I looked my son in the eyes. I had to look up at him because he is 8 inches taller than I am. We stood on a 40-foot platform that overlooked a cow pasture in the Ozarks. “OK, is this going to jerk my neck back when I do this?” I asked.
“No, Mom,” he said coolly, “Just step off the platform and put your arms out. It’ll be all right.”
Talk about a role reversal. For a split second, a scene from his childhood flashed back in my mind; he stood beside a swimming pool – all three feet of him, shivering a little bit in his Hawaiian swim trunks – and I said, “It’s OK, Alec. I’ll catch you. Just jump out to me.”
He had to trust me then and I had to trust him before I stepped off the course. You see, he had fastened me to the zipline, and had been responsible for guiding me through a ropes course earlier in the day – at, did I already mention, 40 feet in the air. Associate Editor Paige Eissinger, along with about 12 teenage girls, a few counselors from Boys and Girls Town Missouri and I spent a few hours together on the ropes — up high and sometimes terrified.
My son is a guide at this camp for kids at a 1200-acre outdoor campus called Meramec Wilderness Learning Ranch, near Steelville, Mo. Says Camp Director Brett Bailey – former infantry officer in the US Army, “Everything we do is challenge by choice. We don’t force anybody.”
The fitness and wilderness survival expert says, “So many of our kids have come from backgrounds where it’s been survival all the time, that they never got to be a kid.” Bailey and staff strive to make sure children from all four campuses – St. James, Columbia, St. Louis and Springfield – get the most from their weeklong camp in the wilderness.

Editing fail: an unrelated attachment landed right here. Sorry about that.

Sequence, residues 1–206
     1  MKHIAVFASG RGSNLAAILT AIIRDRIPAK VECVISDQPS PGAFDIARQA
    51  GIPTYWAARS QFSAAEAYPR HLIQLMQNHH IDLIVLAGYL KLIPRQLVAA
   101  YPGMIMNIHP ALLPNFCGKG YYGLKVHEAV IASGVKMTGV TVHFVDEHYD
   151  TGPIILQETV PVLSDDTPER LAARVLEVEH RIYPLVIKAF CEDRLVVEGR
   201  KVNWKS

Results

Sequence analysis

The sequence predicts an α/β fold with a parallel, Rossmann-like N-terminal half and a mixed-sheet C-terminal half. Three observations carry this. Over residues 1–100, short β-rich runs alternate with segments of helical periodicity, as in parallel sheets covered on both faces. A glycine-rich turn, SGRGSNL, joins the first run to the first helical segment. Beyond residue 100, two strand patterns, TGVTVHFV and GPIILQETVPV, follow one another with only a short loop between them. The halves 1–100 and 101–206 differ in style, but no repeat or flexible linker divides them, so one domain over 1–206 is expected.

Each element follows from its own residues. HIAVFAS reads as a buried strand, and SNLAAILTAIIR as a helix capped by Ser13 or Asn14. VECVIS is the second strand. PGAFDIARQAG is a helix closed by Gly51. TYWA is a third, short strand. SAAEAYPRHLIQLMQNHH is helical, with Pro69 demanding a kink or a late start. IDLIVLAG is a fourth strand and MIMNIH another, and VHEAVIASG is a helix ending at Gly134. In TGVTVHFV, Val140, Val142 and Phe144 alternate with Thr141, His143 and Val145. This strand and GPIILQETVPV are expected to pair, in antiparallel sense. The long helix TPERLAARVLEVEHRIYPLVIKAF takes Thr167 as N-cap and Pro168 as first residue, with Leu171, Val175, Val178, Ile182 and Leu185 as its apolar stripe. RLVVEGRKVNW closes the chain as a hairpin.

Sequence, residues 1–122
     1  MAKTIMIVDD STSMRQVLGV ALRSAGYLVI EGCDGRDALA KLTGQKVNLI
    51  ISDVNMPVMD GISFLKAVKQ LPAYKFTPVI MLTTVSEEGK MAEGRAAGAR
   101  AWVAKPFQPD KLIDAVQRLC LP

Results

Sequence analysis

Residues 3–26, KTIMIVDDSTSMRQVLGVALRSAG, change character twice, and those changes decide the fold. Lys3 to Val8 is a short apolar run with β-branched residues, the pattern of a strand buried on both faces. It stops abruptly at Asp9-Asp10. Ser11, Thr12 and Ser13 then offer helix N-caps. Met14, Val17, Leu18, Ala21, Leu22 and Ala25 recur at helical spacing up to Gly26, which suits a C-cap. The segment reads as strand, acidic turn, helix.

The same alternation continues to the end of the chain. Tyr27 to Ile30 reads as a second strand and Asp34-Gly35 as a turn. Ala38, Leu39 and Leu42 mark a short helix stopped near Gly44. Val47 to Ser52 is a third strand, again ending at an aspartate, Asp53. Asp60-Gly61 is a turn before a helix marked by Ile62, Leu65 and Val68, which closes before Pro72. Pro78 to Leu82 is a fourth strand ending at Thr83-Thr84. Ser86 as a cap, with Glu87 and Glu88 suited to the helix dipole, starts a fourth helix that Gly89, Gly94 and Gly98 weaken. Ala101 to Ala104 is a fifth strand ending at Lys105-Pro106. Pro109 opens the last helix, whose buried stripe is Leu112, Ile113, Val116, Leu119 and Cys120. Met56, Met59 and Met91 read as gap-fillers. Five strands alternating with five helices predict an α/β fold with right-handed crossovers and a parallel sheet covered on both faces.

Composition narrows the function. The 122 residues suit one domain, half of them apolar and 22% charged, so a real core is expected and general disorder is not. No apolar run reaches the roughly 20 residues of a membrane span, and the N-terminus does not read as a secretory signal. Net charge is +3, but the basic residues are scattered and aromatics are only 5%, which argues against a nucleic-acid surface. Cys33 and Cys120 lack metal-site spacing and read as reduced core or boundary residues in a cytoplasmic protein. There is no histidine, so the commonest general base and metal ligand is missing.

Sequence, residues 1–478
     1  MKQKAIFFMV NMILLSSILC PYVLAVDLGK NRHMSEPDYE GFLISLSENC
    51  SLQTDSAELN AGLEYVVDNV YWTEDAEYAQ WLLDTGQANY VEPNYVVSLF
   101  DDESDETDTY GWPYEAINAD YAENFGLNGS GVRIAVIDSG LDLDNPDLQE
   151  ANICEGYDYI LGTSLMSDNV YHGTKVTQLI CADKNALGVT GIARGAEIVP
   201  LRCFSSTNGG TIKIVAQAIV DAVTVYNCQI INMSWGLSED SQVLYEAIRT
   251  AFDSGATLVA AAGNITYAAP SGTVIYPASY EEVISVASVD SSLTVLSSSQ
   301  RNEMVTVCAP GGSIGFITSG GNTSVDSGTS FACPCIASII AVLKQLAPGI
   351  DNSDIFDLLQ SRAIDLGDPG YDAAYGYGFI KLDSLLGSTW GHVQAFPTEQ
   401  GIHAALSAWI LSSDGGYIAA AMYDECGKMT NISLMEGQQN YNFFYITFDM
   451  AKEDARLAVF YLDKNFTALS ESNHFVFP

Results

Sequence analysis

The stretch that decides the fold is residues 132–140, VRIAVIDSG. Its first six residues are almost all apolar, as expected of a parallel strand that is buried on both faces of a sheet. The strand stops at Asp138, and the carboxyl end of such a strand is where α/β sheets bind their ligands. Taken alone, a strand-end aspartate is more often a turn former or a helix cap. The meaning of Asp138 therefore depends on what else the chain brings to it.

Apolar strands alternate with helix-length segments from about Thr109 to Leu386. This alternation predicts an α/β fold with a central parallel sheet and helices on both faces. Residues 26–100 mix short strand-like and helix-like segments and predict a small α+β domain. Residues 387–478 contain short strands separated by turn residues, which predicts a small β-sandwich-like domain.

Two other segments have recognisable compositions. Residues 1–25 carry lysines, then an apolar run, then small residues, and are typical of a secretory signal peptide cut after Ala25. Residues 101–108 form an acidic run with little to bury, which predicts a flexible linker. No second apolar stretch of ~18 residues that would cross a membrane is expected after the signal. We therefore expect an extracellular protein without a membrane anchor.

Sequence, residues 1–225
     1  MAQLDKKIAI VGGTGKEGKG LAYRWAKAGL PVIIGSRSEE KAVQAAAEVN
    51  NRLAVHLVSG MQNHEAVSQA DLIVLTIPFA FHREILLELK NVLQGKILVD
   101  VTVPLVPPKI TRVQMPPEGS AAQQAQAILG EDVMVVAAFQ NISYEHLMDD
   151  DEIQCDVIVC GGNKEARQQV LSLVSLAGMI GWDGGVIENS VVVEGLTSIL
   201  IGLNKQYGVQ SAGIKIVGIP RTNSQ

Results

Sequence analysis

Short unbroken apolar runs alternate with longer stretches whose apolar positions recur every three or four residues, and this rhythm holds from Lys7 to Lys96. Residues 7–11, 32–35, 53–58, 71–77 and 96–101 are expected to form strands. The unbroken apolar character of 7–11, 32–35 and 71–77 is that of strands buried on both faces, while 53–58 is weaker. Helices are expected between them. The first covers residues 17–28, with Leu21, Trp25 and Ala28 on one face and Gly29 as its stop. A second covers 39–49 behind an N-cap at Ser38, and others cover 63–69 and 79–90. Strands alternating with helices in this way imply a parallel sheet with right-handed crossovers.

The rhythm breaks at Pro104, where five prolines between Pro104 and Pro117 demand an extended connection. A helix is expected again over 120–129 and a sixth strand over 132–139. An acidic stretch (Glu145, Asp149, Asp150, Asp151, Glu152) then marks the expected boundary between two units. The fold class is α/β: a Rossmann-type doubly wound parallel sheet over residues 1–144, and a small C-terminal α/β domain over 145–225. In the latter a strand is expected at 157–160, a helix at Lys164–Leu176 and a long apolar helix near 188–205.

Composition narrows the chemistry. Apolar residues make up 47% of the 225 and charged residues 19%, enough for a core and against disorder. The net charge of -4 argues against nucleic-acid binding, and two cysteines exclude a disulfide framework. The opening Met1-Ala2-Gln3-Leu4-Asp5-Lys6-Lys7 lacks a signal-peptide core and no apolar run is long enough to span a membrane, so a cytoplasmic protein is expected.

Set on what is one of Missouri’s largest former cattle ranches, complete with cliffs, meadows and river access, the ranch caters to students who attend in groups of up to 40. Bailey describes the syllabus as a “mix of adventure therapy – high ropes, team initiatives, team challenges, equine therapy and canoeing.”
He adds, “We throw in some of the traditional summer camp activities where kids can be kids, like crazy mud games. We get messy and wet.”
Bailey says, “Competition, if it’s handled the right way, can be a big motivational factor, but we really stress teamwork.” He continues, “So many of our kids have never been in a safe environment where they had fun. That’s a key part we try to bring in out here. They’re in a safe environment where they feel supported.”
The high ropes course is American Mountain Guides Association certified, one of only a few such courses in the state. Certified instructors work alongside the campers, who first undergo a training session on the ground. Not all the campers, and on the day we did the course, not all staff members, will cross the ropes course, but most of them will. As they work in teams to conquer the challenges – with names like heebie jeebie, floating islands and Tarzan crossing – campers cheer and support each other while harnessed.
One camper told me, “When I was up there, I cried like a big baby, but I had to trust myself and had to have courage. When I finished, I felt awesome.”
For the grand finale of the course, and as a reward for staying the course, campers fly down an 800-foot zipline – which was an easy task compared to what lay behind us.
Bailey says the surveys returned my campers show that 90 percent have increased their self-confidence and teamwork approaches. Also, says Brett, with a grin, campers remember, “cooking by the fire and picking ticks off and generally having a great time.”
Paige and I would do it again – but probably not tomorrow, because our mucles are aching today. ~ Barbara Baird